In an election year, concerns about “our democracy” and its future become predictably urgent. “Our democracy” is on the brink of a theocratic coup. “Our democracy” is being hijacked by racists, fascists, homophobes, and misogynists. And so on.

It’s worth noting that the word “our” in the expression “our democracy” has very different meanings for what Christopher Lasch described as a self-flattering leadership class dressed in the vestments of social science, and for ordinary citizens raising families, struggling to survive, and operating off common sense and the remains of this nation’s biblical morality.

Graham Greene once wrote that “behind the complicated details of the world stand the simplicities.” The good news about reversing the worst and renewing the best ideals of “our democracy,” is that it’s actually pretty simple. The bad news is that it’s hard and takes a long time.

The reason it’s hard is because it involves changing ourselves from comfortable religious “fellow travelers” and pew sitters to committed witnesses of Jesus Christ – not just in our private lives but in our public actions, including our civic engagement. Most of us don’t really want to do that. It cuts us out of the herd and invites the derision of today’s mainstream, “enlightened” bigots.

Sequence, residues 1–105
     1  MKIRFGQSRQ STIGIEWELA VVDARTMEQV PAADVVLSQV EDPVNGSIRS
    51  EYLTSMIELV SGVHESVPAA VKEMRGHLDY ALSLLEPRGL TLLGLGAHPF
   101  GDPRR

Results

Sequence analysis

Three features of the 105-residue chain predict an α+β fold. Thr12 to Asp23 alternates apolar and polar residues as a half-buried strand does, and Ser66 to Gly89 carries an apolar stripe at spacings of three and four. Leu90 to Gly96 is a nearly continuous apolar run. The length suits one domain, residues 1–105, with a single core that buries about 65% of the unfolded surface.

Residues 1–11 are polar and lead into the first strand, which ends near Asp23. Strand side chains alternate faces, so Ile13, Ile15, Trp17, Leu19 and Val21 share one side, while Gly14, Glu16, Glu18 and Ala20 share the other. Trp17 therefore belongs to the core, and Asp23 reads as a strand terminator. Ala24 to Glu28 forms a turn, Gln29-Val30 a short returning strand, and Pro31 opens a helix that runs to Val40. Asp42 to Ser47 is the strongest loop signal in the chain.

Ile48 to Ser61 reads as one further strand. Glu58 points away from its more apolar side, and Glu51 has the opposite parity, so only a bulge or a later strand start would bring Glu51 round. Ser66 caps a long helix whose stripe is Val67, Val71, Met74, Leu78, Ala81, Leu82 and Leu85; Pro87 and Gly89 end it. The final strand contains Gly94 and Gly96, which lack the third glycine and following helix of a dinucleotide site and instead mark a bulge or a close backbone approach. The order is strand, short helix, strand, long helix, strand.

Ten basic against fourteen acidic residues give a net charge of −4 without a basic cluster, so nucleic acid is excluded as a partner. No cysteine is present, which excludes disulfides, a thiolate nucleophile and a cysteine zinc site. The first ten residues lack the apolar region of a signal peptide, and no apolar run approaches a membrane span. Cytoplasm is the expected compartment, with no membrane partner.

The reason it takes so long is that individuals and communities, and their habits, are much harder to rewire than structures.

But if we don’t start now, change will never happen. And the responsibility for whatever comes next will be on us.


Francis X. Maier is a Senior Fellow in the Catholic Studies Program at the Ethics and Public Policy Center. Mr. Maier’s work focuses on the intersection of Christian faith, culture, and public life, with special attention to lay formation and action.